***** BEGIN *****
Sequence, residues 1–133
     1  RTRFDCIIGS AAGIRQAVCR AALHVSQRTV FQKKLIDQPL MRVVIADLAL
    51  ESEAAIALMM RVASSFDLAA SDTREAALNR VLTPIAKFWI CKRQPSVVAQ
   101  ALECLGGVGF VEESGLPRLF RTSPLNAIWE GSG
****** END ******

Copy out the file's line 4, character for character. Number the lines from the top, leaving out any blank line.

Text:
   101  ALECLGGVGF VEESGLPRLF RTSPLNAIWE GSG